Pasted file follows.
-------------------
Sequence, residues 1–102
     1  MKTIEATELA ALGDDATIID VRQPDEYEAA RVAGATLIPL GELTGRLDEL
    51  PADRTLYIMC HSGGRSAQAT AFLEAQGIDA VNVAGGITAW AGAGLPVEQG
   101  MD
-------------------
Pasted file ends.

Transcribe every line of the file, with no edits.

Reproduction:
Sequence, residues 1–102
     1  MKTIEATELA ALGDDATIID VRQPDEYEAA RVAGATLIPL GELTGRLDEL
    51  PADRTLYIMC HSGGRSAQAT AFLEAQGIDA VNVAGGITAW AGAGLPVEQG
   101  MD